There are so many things attached to human lives. And one of them is ageing. From the point that everyone was born, days and years begin to count down to the point of death. The gap between the time of birth and the time of death matters a lot. So many things happen that define humans life.
The age of a person has come to evolve in may aspects. While this evolvement has signified good things in some aspects, in others, it has become a problem.
Part of where it has become a problem is being used as an item of discrimination. Now, the world, and particularly, Australia is faced with age discrimination.
Age Discrimination: What Does It Mean?
Age discrimination is the unequal and unfair treatment of a person solely because of their age. If you notice that you suddenly are denied access to a particular thing despite being qualified for it, it might be due to age discrimination.
Age discrimination can happen anywhere. However, it is more prominent in formal gatherings like a place of work or school.
Particularly, in a place of work, people often complain of unfair treatment of themselves or a colleague due to their age.
This, in every sense, in unacceptable. No matter the colouration of discrimination, it should be fiercely rejected.
Forms of Age Discrimination
Age discrimination often comes in different forms. And as a way of fighting it, you need to know the different forms it could take. This would allow you to recognise it on time and take a coordinated effort to quell it.
Direct Age Discrimination: This is of the situation that many people see every day. It involves being treated unfairly based on your age. This is often obvious to many people. This is because you can always tell that the reason you are not enjoying a particular right is because of your age. This may not involve you alone and may cut across different people in the same age group. It may also be a crop of people from different age groups who are directly discriminated against.
Direct age discrimination may not only be in the workplace. It could be in the least expected place. For instance, a young adult once reported a caser of a situation she encountered while trying to rent her apartment. The owner doubled the price to deter her. This is because the owner believes that people in her age category have a higher tendency of becoming violent and destroying properties. Though it is an assuming assumption, it spews the level others would go to discriminate against others on the grounds of age.
Indirect Age Discrimination: this form of age discrimination is not always visible on first look. But this does not mean it is not present. It often takes the form of policy or other programs that looks legitimate or genuine. This policy or program often allows a particular privilege for some people but makes the attainment of such privilege for an age group difficult.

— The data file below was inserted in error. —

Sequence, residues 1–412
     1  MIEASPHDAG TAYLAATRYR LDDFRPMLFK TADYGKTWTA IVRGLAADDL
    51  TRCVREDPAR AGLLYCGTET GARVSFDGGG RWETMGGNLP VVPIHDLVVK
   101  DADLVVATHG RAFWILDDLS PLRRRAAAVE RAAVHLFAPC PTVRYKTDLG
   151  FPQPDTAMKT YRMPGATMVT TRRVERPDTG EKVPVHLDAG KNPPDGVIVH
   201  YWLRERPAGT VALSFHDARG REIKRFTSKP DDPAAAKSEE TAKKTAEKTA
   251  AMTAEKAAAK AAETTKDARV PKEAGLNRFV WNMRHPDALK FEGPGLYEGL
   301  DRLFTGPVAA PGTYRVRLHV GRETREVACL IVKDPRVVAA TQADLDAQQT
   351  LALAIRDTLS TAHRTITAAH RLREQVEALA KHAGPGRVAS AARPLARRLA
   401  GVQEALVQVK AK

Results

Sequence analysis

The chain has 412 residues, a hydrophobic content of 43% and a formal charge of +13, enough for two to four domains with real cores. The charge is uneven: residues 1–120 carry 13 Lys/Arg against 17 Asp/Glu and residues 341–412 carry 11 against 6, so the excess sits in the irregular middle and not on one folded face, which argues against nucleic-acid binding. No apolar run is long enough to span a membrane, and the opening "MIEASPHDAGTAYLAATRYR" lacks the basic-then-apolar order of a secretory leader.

Harassment: This often occurs when others make you worthless or humiliate you because of your age. More often than not, this is a deliberate, strategic attempt employed by mischievous individuals to achieve a suspicious goal.
For instance, if someone keeps stressing their opinion on how slow elderly people are at picking new information in a gathering of mixed age. This may be considered harassment.
On the other hand, some harass innocently. That is, the harassment is not geared towards achieving a mischievous end, but a function of a stereotypical mindset. Stereotypes, as you know, have a misguided strong-hold on people’s perception and opinion.
Whether done innocently or deliberately, harassment based on age like other forms of discrimination is wrong on all sides.
The difference in Payment: Another form of age discrimination in Australia is paying the younger generation more than the elderly for the same work done. This disparity is a derivative of the ill notion that the elderly are ineffective and should not be regarded as an average worker.
Although as one grows, the body becomes feeble yet, this should not be a basis for denying you your rightfully earned pay. There’s a minimum wage recognised by the law and paying below or without regard for this benchmark is a gross violation.
It is only fair that the same standard pays everyone that delivered on a job assigned to them notwithstanding their age. Besides, this form of discrimination will only revert Australia to the abolished days of first and second class citizens.
Victimisation: Here’s probably the commonest form of age discrimination. Since complaints of age discrimination are likely made by the elderly more than any other age group, they are subject to victimisation.
Thus, it is not uncommon to hear of or witness the elderly treated harshly in the workplace or other social gatherings in reaction to their advocacy against age discrimination.